A majority of Grand County Council members are concerned that Rep. Rob Bishop is moving forward with his Utah Public Lands Initiative (PLI) without responding to issues they raised with the draft legislation.
At its regular meeting on Tuesday, May 17, the council voted 4-3 to send a letter to Bishop and PLI co-sponsor Rep. Jason Chaffetz, both R-Utah; the U.S. Department of the Interior; and the White House; reiterating that they do not support the initiative in its current form.
Council members Elizabeth Tubbs, Chris Baird, Jaylyn Hawks and Mary McGann voted in favor of the motion, while Lynn Jackson, Rory Paxman and Ken Ballantyne voted against it.
“It feels to me like it’s moving forward without us, and it feels to me like it’s moving along without our concerns being addressed,” Baird said. “I think we need to send this letter off, and if we do, it will improve our chances of getting what we want from this Public Lands Initiative.”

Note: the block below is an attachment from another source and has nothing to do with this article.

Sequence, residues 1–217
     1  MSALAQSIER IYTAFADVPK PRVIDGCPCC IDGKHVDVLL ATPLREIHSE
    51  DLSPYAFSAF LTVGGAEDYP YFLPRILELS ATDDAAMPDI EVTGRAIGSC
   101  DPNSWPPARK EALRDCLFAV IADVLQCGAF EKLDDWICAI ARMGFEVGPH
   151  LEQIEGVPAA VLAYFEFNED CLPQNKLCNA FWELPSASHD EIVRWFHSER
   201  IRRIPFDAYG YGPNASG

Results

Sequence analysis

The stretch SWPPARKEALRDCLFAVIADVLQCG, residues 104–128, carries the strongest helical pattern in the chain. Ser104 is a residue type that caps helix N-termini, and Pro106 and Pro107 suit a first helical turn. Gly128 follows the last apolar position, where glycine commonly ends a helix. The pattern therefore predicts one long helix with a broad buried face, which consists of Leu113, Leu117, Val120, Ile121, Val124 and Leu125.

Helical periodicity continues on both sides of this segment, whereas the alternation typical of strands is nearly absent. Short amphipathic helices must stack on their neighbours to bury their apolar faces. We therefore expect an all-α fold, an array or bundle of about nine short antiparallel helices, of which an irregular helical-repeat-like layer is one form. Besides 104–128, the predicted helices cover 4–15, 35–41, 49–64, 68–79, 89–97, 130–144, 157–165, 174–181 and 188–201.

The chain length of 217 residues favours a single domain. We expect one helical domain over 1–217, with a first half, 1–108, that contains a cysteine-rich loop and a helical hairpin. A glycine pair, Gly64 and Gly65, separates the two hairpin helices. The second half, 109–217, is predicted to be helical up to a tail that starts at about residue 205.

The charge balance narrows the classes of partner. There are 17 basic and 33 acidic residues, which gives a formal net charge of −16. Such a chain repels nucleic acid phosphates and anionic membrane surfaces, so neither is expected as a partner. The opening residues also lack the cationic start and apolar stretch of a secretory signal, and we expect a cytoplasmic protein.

Tubbs said that there has been a lot of discussion recently about moving the legislation forward, and that Utah’s delegation was recently in talks with President Barack Obama’s administration.
“I’ve been told the talks went very well,” Tubbs said. “I have no idea what that means.”
In addition to a lack of response to the council’s concerns, Tubbs noted that Grand County was recently included in a press release that reiterated support for the PLI process, without the full council’s consent or awareness.